The career of Australian director George Miller is very particular. He is recognized for being the author of Mad Max, the most important cyberpunk saga in the history of cinema (with the forgiveness of terminator, which degenerated irremediably). He is also the author of the delicious comedy The Eastwick Witches and the mighty drama A miracle for Lorenzo, as well as children’s tapes Happy Feet Y Babe: The little pig in the city. Interestingly, all of his films, most of them high-budget, were the product of his personal tastes and choices and not pressure from the big studios.
Now, this director who at the age of seventy showed youngsters how to make a real action movie with his own reboot of madmax, returns seven years later, to give us a heartfelt tribute to Arabian Nightsone of the greatest literary texts of all time.
once upon a time there was a genius is the adaptation of the collection of short stories The Djinn in the Nightingale’s Eye published by AS Byatt in 1994, the renowned author of such powerful and dark romantic fables as angels and insects Y Possession. In it, Tilda Swinton, fantastic as always, plays the role of a modern Scheherazade named Alithea Binnie, who tells us an endearing romantic story starring herself. Her character is a narratologist obsessed with the stories that are part of the history of humanity and who lives alone by her own choice and not due to the circumstances of fate. At least that is what she tells us.
Alithea arrives in Istanbul for a literary convention and stays at the prestigious Pera Palace hotel, in the same room where Agatha Christie wrote her novel Murder on the Orient Express. In a moment dedicated to tourism, the woman buys a glass bottle in the local market that, although it has bumps and imperfections, attracts her a lot of attention. Alithea takes the bottle to her room and when she is about to clean it, surprisingly a genie comes out of it, complete with pointed ears, similar to the character described in the story of Aladdin from the Arabian Nights (Idris Elba with the appearance of the genie of the thief of baghdad the classic 1940’s movie, but without the manic personality of the blue genie from the animated Disney movie).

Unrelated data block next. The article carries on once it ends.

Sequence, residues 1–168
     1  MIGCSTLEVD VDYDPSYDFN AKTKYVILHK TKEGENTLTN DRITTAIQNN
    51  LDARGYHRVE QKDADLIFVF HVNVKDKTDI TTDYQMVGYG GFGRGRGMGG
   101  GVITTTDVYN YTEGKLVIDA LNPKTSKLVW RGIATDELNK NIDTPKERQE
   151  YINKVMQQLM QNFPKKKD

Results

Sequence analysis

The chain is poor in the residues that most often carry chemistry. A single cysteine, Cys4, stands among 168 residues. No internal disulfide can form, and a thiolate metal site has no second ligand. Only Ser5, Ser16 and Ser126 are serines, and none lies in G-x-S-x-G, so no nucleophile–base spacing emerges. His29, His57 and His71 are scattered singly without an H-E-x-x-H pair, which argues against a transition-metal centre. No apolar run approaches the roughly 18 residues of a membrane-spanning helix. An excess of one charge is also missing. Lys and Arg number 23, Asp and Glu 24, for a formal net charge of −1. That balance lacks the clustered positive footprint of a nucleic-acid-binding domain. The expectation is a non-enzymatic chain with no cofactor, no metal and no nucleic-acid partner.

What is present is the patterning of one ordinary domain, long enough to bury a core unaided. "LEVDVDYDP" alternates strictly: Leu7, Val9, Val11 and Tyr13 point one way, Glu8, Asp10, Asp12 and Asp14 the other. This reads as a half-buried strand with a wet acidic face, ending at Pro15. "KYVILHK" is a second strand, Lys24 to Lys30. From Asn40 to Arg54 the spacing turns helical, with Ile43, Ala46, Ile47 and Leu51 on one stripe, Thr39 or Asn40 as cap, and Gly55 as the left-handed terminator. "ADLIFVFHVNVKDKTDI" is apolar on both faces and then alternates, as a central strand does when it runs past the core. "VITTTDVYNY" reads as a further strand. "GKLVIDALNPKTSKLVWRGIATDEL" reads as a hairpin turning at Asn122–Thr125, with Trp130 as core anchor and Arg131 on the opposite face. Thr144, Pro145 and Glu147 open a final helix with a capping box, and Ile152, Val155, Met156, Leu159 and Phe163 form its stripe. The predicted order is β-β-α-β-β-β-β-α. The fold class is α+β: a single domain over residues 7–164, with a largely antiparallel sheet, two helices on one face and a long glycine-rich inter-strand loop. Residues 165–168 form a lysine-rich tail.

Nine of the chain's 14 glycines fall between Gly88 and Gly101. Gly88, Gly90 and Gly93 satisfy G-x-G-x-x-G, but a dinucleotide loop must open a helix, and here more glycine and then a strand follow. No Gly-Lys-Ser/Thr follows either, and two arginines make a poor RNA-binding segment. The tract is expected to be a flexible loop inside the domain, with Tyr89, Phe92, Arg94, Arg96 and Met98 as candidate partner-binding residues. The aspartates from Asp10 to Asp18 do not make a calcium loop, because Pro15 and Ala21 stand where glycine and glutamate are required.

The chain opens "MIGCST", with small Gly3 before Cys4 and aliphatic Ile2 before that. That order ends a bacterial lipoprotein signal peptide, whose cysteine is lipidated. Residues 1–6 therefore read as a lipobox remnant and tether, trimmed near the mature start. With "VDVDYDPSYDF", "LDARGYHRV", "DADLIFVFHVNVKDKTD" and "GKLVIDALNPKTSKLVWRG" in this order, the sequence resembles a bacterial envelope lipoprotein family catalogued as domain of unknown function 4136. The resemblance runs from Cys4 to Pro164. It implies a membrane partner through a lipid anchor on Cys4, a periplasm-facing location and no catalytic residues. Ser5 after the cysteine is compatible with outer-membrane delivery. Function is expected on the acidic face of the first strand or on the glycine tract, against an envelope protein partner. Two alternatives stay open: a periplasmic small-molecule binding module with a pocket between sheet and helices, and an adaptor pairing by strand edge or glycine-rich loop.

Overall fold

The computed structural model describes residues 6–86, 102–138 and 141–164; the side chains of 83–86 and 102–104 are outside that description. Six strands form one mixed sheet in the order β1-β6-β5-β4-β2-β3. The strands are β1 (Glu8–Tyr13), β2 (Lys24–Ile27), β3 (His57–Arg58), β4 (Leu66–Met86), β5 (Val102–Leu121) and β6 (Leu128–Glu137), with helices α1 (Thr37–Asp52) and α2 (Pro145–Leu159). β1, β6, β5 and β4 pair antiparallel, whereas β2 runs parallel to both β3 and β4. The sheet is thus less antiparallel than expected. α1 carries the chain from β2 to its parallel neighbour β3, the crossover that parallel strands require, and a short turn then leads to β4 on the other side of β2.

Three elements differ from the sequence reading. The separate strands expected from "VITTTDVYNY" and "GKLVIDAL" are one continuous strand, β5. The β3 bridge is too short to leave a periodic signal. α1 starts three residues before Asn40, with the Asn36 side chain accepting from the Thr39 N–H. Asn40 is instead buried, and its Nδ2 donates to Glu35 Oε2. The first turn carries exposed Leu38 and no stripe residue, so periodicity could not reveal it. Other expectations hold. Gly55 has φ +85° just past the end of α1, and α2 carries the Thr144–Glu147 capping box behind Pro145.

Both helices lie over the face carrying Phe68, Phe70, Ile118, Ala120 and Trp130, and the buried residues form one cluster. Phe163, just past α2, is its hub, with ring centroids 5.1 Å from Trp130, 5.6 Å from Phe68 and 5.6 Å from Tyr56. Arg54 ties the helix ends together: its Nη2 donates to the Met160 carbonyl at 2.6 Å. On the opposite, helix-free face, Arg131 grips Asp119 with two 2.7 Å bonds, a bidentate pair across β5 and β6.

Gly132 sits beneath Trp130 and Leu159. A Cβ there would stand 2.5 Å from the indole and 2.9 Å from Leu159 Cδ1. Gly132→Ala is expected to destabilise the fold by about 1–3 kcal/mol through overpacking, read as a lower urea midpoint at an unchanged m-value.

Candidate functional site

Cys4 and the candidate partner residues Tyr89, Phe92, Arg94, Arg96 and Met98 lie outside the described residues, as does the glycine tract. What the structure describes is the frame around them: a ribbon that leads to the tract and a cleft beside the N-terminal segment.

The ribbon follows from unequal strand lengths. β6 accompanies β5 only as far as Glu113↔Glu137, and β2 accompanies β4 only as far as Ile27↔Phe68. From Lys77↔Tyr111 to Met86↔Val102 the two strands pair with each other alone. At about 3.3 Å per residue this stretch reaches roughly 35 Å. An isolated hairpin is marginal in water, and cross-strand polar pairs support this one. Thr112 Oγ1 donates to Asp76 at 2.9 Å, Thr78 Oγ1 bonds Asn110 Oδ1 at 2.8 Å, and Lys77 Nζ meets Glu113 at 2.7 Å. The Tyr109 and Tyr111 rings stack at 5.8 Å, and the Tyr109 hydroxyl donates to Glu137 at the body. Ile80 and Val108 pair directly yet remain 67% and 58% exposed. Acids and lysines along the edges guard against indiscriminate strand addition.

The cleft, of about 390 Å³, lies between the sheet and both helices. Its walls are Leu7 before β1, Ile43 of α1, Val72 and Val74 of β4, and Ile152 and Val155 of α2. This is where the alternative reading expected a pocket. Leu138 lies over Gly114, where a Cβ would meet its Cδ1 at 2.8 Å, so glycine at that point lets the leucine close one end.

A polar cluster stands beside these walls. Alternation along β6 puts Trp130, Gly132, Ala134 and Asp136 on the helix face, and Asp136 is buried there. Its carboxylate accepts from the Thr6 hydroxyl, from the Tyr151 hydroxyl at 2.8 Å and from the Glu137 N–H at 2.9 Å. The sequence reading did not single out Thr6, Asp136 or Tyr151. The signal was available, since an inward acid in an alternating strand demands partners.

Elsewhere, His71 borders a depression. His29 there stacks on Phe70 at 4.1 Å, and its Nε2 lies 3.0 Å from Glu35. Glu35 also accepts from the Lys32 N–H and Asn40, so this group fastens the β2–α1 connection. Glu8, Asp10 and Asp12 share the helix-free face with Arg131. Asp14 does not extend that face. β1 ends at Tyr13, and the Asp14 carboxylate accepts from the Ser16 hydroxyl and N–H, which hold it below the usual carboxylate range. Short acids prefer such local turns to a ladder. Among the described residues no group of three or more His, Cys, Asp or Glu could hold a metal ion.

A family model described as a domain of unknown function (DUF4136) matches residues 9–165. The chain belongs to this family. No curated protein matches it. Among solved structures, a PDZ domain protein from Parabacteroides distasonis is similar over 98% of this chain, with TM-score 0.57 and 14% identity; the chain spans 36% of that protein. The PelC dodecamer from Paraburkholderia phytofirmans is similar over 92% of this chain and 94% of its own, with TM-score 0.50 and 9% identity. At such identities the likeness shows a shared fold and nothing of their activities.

The genie is willing to grant Alithea three wishes. But the woman is more curious about his story, rather than seeing her dreams come true. Thus, the equation stated in Arabian Nights is reversed and the genie ends up telling his story in four interspersed episodes, as if it were Scheherazade, while Alithea ends up updating the attentive sultan.
The four stories of the genius are fables filled with magic, love, hate, cruelty and eroticism, the same characteristics of the tales narrated by Scheherazade in Arabian Nights. The first is about the Queen of Sheba (Aamito Lagum) and King Solomon (Nicolas Mouawad); the second tells the tragic story of Gulten (Ece Yüksel), the concubine of Suleiman the Magnificent (Lachy Hulme), the son of Mustafa (Matteo Bocelli); the third is about Murad IV (Ogulcan Arman Uslu), the cruel and despotic sultan of the Ottoman empire and his brother Ibrahim (Jack Braddy); and the final story tells us the story of Zefir (Burcu Gölgedar), the wife of a Turkish merchant, obsessed with knowledge and who became a lover of genius. These stories are expertly told, charged with emotion and eloquence by Miller and co-writer Augusta Gore, and exquisitely photographed by veteran John Seale (a regular collaborator with Miller).
Alithea, like the sultan, falls madly in love with the charismatic narrator after hearing his stories. But beyond being a beautiful update of an archetypal story, once upon a time there was a genius it is a profound meditation on existence (life, love and death) and the fascination of human beings for telling and listening to stories. This is a much bigger gift than a simple rom-com with supernatural touches. But perhaps only a few will truly appreciate it.